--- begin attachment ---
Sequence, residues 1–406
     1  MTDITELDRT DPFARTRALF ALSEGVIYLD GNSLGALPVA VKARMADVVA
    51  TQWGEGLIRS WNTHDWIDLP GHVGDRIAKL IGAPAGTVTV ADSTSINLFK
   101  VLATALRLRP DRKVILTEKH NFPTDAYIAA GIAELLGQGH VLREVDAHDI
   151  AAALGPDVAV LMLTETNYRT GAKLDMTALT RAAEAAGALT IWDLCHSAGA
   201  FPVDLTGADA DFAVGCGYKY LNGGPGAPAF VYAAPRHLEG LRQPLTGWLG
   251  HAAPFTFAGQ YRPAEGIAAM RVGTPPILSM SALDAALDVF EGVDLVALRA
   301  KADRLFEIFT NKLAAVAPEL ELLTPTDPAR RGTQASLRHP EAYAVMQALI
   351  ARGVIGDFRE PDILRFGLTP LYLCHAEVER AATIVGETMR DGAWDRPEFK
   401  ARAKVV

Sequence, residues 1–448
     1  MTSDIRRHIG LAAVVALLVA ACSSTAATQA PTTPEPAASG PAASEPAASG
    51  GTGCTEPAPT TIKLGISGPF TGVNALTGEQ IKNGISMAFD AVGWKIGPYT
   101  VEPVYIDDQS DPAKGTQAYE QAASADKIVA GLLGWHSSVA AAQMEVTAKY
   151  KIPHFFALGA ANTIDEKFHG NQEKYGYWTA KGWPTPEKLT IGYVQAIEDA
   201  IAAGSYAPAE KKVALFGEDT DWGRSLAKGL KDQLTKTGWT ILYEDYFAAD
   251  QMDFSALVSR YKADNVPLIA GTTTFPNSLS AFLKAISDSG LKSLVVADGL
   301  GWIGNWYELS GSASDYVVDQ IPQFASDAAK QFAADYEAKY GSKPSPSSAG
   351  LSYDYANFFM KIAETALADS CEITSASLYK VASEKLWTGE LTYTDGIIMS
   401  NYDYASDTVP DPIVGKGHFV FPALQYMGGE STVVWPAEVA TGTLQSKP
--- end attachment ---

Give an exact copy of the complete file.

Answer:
Sequence, residues 1–406
     1  MTDITELDRT DPFARTRALF ALSEGVIYLD GNSLGALPVA VKARMADVVA
    51  TQWGEGLIRS WNTHDWIDLP GHVGDRIAKL IGAPAGTVTV ADSTSINLFK
   101  VLATALRLRP DRKVILTEKH NFPTDAYIAA GIAELLGQGH VLREVDAHDI
   151  AAALGPDVAV LMLTETNYRT GAKLDMTALT RAAEAAGALT IWDLCHSAGA
   201  FPVDLTGADA DFAVGCGYKY LNGGPGAPAF VYAAPRHLEG LRQPLTGWLG
   251  HAAPFTFAGQ YRPAEGIAAM RVGTPPILSM SALDAALDVF EGVDLVALRA
   301  KADRLFEIFT NKLAAVAPEL ELLTPTDPAR RGTQASLRHP EAYAVMQALI
   351  ARGVIGDFRE PDILRFGLTP LYLCHAEVER AATIVGETMR DGAWDRPEFK
   401  ARAKVV

Sequence, residues 1–448
     1  MTSDIRRHIG LAAVVALLVA ACSSTAATQA PTTPEPAASG PAASEPAASG
    51  GTGCTEPAPT TIKLGISGPF TGVNALTGEQ IKNGISMAFD AVGWKIGPYT
   101  VEPVYIDDQS DPAKGTQAYE QAASADKIVA GLLGWHSSVA AAQMEVTAKY
   151  KIPHFFALGA ANTIDEKFHG NQEKYGYWTA KGWPTPEKLT IGYVQAIEDA
   201  IAAGSYAPAE KKVALFGEDT DWGRSLAKGL KDQLTKTGWT ILYEDYFAAD
   251  QMDFSALVSR YKADNVPLIA GTTTFPNSLS AFLKAISDSG LKSLVVADGL
   301  GWIGNWYELS GSASDYVVDQ IPQFASDAAK QFAADYEAKY GSKPSPSSAG
   351  LSYDYANFFM KIAETALADS CEITSASLYK VASEKLWTGE LTYTDGIIMS
   401  NYDYASDTVP DPIVGKGHFV FPALQYMGGE STVVWPAEVA TGTLQSKP